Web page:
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Posts Tagged ‘talent management’

HBR’s 10 Must Reads 2017 presents a selection of the year’s most definitive management articles by some of the world’s forefront business thought leaders. Each article was hand-selected by Harvard Business Review editors to present a critical theme that is relevant to the modern business world. These articles collectively represent the best practices, ideas, and insights of the past year, and they aim to educate business leaders on collaborative overload, the necessity of managing algorithms, design thinking, negotiating across cultures, finding career success in a world of automation, and much more.

HBR’s 10 Must Reads 2017 presents 11 of the most cutting-edge, influential articles published in Harvard Business Review in the past year. Key concepts from these pieces include:

  • The negative effects of constant collaboration. Collaborative work has increased dramatically, and while there are clear benefits to this level of teamwork, too much collaboration can have its downsides. Employees who engage in an overabundance of collaborative activities can cause workflow bottlenecks and eventually burn out.
  • The importance of human oversight when using algorithms. Managers who make business predictions often rely on algorithms to identify subtle patterns, but computer algorithms have their limitations. Algorithms are most effective when managers are explicit about their goals and concerns, minimize myopia, and choose the right inputs.
  • The intricacies of doing business abroad. When managers from different parts of the world negotiate, they often misread signals and reach inaccurate conclusions. Managers can overcome these issues by building trust, paying attention to subtle messages, and understanding how to express their emotions.
  • The necessity of evolving the role of the Chief Human Resource Officer (CHRO). CHROs should be empowered to think strategically about their workforce talent to provide competitive advantages for their organizations.
  • The need for knowledge workers to think about work beyond automation. In the future, some workplace roles may be made obsolete by machines, but to continue to find new roles employees must proactively work with technology rather than against it.

To learn more, please visit www.bizsum.comHBR's 10 Must Reads 2017

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91260023In The New Workforce Challenge, Andrés Hatum aims to help companies meet the challenge of absorbing the technologically savvy millennial generation into the workforce at the very time that organizations are changing faster than ever before in response to the turbulence they face worldwide. Hatum examines how firms are organizing for the future, the impact of the new organizational forms on the workplace, and the practices that firms are putting into place to attract, develop, and retain the new generation of workers. Hatum believes that the workplace and workforce need to be analyzed together in order to present the big picture. By shedding light on recent changes that organizations have gone through and likely changes to come in the future, companies can better understand how to manage the new workforce.

In his book, Hatum informs readers that:

  • Successful firms are adaptable and innovative; they combine changes in structure, such as decentralization, delayering, and project forms of organizing; processes, such as horizontal communication, investments in information technology, and new human resource (HR) practices; and firm boundaries, such as downscoping, outsourcing, and greater use of strategic alliances.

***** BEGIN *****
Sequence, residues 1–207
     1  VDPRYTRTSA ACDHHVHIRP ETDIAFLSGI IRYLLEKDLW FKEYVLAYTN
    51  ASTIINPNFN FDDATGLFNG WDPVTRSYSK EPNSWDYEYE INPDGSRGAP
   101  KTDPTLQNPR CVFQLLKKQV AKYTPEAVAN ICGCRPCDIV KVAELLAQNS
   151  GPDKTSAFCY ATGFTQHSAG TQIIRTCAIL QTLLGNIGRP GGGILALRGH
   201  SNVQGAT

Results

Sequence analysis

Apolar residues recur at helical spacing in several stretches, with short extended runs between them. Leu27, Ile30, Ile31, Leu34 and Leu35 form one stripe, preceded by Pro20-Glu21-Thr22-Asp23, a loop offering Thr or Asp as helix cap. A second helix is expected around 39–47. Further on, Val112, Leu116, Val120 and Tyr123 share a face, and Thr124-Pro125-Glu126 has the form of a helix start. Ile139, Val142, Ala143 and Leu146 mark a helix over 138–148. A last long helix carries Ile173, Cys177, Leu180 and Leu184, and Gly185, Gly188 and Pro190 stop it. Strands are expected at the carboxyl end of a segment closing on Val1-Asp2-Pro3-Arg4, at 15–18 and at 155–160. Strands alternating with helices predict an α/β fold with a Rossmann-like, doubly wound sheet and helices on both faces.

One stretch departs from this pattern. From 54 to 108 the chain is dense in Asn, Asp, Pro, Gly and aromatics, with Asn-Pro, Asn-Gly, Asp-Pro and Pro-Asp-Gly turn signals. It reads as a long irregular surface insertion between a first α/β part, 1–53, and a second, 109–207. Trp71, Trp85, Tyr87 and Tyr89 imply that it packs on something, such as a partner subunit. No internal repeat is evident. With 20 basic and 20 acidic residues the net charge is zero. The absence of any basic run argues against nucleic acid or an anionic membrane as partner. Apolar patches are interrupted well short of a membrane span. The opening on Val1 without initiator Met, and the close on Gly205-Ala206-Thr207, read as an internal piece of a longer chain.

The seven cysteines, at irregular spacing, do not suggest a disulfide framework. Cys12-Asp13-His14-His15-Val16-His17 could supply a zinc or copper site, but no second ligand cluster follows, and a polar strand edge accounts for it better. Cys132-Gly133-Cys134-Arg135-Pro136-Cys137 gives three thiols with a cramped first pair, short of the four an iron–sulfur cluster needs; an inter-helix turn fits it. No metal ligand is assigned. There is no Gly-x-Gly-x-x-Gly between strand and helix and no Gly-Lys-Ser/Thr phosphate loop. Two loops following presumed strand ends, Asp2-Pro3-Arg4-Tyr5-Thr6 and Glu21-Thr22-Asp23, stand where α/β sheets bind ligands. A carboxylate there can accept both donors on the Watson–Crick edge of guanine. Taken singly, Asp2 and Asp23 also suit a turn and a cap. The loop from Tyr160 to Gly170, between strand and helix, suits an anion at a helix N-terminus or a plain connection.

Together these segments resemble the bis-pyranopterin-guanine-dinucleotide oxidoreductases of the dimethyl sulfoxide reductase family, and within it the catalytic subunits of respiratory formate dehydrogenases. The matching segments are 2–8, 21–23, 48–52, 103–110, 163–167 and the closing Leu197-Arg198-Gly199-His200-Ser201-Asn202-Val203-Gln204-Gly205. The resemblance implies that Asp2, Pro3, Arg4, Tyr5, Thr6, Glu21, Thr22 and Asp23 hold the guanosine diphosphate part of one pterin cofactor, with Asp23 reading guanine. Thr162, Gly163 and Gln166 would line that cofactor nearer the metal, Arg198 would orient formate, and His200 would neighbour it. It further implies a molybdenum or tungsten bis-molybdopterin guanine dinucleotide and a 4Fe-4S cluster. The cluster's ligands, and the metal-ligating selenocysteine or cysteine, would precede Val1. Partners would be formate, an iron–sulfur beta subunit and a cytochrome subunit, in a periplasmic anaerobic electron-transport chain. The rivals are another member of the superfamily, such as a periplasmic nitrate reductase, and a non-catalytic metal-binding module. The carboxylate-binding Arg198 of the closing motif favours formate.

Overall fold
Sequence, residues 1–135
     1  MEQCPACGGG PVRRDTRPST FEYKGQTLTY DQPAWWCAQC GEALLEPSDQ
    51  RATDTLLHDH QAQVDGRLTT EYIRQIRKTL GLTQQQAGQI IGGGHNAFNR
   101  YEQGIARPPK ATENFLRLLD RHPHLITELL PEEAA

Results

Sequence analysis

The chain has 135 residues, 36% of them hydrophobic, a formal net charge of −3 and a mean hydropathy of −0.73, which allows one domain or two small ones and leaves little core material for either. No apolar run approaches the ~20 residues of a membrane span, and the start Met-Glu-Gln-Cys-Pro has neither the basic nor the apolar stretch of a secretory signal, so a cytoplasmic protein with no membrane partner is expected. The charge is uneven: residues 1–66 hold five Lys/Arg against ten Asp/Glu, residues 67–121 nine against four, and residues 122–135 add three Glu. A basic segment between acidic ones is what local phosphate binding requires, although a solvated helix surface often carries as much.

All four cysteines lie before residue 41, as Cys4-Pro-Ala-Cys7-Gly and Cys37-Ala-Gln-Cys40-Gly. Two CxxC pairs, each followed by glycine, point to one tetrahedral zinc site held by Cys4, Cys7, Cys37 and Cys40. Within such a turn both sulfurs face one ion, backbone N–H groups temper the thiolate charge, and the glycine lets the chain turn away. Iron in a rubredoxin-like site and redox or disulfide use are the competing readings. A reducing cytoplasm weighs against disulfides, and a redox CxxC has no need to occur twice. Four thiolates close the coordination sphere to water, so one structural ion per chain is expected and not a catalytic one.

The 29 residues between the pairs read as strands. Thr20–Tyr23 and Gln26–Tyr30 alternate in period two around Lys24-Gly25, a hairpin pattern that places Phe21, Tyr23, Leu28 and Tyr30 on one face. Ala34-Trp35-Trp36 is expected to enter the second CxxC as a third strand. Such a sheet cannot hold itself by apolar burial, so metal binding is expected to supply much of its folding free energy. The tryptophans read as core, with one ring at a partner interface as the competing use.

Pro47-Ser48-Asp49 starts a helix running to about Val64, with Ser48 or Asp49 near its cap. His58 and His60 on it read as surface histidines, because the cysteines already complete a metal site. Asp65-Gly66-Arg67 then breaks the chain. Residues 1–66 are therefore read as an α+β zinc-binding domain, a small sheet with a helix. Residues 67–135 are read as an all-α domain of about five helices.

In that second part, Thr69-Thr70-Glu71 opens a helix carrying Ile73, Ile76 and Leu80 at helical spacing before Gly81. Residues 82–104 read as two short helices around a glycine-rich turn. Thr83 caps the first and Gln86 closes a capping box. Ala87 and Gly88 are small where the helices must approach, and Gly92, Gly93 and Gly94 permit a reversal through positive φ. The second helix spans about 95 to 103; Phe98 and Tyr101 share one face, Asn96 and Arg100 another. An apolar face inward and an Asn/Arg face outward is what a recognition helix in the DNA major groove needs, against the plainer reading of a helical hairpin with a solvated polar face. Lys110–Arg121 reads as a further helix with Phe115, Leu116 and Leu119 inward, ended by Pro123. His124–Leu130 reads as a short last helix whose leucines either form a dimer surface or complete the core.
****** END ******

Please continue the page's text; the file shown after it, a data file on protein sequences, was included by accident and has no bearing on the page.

• Agile and virtual firms will shape the marketplace and at the same time will influence and be influenced by the new workforce.
  • Heterogeneity and diversity characterize the new workforce and have replaced the previously homogeneous workforce.
  • Millennials, the generation born between 1979 and 1997, value work-life integration and a flexible workplace.
  • There are four main values that drive Millennials: multitasking, desire to integrate work and personal life, concern for society and the environment, and access to technology.
  • Companies’ are relying less on their brands to attract and retain employees and more on their Employee Value Propositions (EVPs), which consist of the features that allow companies to promote themselves outwardly and generate loyalty internally.
  • Millennial learning characteristics can be described with the acronym EPIC, which stands for: Experiential, Participatory, Image-rich, and Connected.

To download three free summaries, please visit our site.

Related book summaries in the BBS library: Keeping the Millennials, Managing the Millennials, The Trophy Kids Grow Up

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On September 26th, EBSCO Publishing’s Jerry Eonta will be joining Saul Carliner, author of Informal Learning Basics, to present a webinar on informal learning. The webinar will be hosted by the Human Capital Institute.

Informal learning can represent as much as 70 percent of workplace learning. During this webinar, the presenters will seek to answer the following questions: What is informal learning? What forms can it take? When can it make a difference in workplace performance and when might it actually detract from it? Should you divert resources from formal training to facilitate it?  And how do you evaluate it?

To participate in the webinar, just click the link below and register.

http://www.hci.org/lib/informal-learning-basics

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